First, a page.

The Reason I Jump by Naoki Higashida

The Reason I Jump: The Inner Voice of a Thirteen-Year-Old Boy with AutismThe Reason I Jump. Finished 2-25-14, autism memoir, 150 pages, pub. 2007 (English translation 2013)

You’ve never read a book like The Reason I Jump. Written by Naoki Higashida, a very smart, very self-aware, and very charming thirteen-year-old boy with autism, it is a one-of-a-kind memoir that demonstrates how an autistic mind thinks, feels, perceives, and responds in ways few of us can imagine. Parents and family members who never thought they could get inside the head of their autistic loved one at last have a way to break through to the curious, subtle, and complex life within.

 In his introduction, bestselling novelist David Mitchell writes that Naoki’s words allowed him to feel, for the first time, as if his own autistic child was explaining what was happening in his mind. “It is no exaggeration to say that The Reason I Jump allowed me to round a corner in our relationship.” This translation was a labor of love by David and his wife, KA Yoshida, so they’d be able to share that feeling with friends, the wider autism community, and beyond. Naoki’s book, in its beauty, truthfulness, and simplicity, is a gift to be shared.

from Goodreads

Reading books told from the perspective of a person with autism is hard for me.  It’s difficult to imagine my Gage having to deal with all of that on a daily basis, but I read the introduction written by bestselling author David Mitchell, whose own son suffers from autism, and decided that this one would be worth the read. And it was.  Yes, there was a place or two I cried, but overall this book gives some hope and clarity.  This is a 13-year-old boy who can’t speak and yet has the ability to communicate his feelings letter by letter, word by word, paragraph by paragraph.

I think everyone should read this book.  It’s short, the book contains illustrations and a few pieces of short fiction by Higashida, but the bulk of it is Higashida showing the world that autism does not mean unintelligent or unaware and that they are hurt when they disappoint the people they love.  Every person with an autism diagnosis is not the same, not even close, each one having strengths and problem areas- just like every other kid, but everyone will gain a better perspective after an hour with this book. He does not speak for every autistic child, like he sometimes says he does, but he does offer a real insight into his emotional world.

I wish there had been more, but what there was is good. Did you know that in the U.S. 1 in 54 boys is being diagnosed on the spectrum?  I think everyone should take the time to learn a little more.  Here’s a taste of one of the questions…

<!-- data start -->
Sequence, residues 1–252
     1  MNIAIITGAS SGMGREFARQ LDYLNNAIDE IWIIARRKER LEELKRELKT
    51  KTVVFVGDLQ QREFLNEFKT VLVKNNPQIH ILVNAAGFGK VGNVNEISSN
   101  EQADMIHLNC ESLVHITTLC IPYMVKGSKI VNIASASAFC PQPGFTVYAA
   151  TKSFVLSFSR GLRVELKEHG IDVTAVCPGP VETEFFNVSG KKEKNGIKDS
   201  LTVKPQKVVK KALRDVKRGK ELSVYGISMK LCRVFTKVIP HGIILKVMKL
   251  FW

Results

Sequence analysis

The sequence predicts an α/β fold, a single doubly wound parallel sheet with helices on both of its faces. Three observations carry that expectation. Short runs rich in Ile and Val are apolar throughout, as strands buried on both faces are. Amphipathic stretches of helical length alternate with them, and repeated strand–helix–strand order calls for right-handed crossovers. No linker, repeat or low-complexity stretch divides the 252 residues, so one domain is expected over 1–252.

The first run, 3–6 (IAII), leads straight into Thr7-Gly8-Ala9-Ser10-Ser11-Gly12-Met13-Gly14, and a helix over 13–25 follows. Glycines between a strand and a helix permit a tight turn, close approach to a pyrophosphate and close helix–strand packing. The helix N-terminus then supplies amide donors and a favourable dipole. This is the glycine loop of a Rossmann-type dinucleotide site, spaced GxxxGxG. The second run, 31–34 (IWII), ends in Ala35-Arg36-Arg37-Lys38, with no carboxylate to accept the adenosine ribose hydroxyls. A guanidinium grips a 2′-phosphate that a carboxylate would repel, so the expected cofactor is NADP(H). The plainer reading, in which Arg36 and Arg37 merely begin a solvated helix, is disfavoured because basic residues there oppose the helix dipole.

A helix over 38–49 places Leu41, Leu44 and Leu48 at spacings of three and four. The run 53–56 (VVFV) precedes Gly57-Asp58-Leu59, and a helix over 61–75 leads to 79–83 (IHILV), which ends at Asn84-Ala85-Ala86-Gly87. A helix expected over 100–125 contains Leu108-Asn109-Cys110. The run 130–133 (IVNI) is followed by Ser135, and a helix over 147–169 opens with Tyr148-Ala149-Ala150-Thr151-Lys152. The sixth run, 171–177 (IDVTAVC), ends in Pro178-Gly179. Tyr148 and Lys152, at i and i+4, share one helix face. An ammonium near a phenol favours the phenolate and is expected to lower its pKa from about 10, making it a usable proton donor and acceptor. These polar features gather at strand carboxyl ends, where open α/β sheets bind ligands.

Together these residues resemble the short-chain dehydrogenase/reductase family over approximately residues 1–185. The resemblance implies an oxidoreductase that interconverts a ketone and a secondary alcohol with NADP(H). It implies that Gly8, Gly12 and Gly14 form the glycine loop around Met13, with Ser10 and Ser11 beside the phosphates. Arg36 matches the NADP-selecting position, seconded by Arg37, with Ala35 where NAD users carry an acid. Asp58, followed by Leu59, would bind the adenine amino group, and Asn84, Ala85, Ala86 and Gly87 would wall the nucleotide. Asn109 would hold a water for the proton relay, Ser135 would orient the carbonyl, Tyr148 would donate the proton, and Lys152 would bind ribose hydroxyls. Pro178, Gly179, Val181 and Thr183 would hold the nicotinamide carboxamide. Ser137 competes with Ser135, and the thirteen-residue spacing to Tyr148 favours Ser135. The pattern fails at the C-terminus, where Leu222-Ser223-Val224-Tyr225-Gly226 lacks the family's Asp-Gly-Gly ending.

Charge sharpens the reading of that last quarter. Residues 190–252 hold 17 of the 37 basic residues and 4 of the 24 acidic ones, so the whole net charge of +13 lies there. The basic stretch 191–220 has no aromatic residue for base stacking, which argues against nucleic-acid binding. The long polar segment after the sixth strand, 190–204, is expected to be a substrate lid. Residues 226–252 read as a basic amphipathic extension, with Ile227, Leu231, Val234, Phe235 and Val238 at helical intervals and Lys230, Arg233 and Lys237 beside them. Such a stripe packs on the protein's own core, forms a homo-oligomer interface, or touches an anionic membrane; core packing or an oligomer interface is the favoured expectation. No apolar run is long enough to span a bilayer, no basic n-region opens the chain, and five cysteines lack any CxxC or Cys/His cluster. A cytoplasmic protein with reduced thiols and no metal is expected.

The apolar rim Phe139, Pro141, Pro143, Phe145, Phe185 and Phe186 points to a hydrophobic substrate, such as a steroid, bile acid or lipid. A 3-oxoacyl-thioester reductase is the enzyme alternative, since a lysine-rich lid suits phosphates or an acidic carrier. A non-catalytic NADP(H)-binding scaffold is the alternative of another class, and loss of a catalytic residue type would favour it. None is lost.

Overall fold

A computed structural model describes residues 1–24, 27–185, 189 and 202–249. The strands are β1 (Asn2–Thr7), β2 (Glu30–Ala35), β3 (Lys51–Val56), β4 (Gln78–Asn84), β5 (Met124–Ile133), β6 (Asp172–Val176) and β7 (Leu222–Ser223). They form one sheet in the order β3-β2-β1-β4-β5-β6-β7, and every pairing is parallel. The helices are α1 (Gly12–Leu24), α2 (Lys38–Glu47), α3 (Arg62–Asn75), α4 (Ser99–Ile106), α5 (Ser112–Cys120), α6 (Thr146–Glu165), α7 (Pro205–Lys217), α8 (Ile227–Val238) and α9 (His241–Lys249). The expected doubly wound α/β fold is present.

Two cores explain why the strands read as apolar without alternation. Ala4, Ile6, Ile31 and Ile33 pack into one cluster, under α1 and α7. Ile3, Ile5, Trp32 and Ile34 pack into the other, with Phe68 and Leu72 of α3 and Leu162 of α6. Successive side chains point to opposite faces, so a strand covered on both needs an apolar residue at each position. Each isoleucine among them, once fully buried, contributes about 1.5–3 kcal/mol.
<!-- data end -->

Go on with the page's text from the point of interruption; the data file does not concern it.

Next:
Why do you ask the same questions over and over?
It’s true, I always ask the same questions. “What day is it today?” or “Is it a school day tomorrow?” The reason? I very quickly forget what it is I’ve just heard. Inside my head there isn’t such a big difference between what I was told just now and what I heard long ago.

I imagine a normal person’s memory is arranged continuously, like a line. My memory, however, is more like a pool of dots. I’m always “picking up” these dots – by asking my questions – so I can arrive back at the memory that the dots represent.

But there’s another reason for our repeated questioning: it lets us play with words. We aren’t good at conversation, and however hard we try, we’ll never speak as effortlessly as you do. The big exception, however, is words or phrases we’re very familiar with. Repeating these is great fun. It’s like a game of catch. Unlike the words we’re ordered to say, repeating questions we already know the answers to can be a pleasure – it’s playing with sound and rhythm.

I checked this out from our library.

9 thoughts on “The Reason I Jump by Naoki Higashida

  1. BermudaOnion says:

    Hm, that passage is very interesting. I had lunch with a friend yesterday and her (now grown) son was diagnosed with an auditory processing disorder when he was elementary school. She said it was described to her in this way: most of us keep the names of flowers in a list in the same place in our brains, but those with auditory processing disorder have those names scattered throughout their brains so it takes them longer to retrieve them. That sounds similar to what the author is describing in that paragraph. You will be happy to know her son is a wonderful young man who is attending college right now.

    • stacybuckeye says:

      I think auditory processing problems do come with the diagnosis. Gage’s experience is much different that Naoki’s mainly because he’s a pretty good talker 🙂 He’s going through a stage right now where he tells everyone when they are wrong. But even though they are at different places on the spectrum I know that Gage struggles with these issues at least a little, some more than others. This question spoke to me because he does like to repeat questions or answers.
      I have confidence that Gage will be very successful, he’s smart and he works hard 🙂

    • stacybuckeye says:

      It’s a good book because it answers the questions most people have about the most extreme behavior. It gave me a few insights into the way Gage’s mind works. Most of it I suspected already but a 3 year old can’t explain it so it’s all guesswork 🙂

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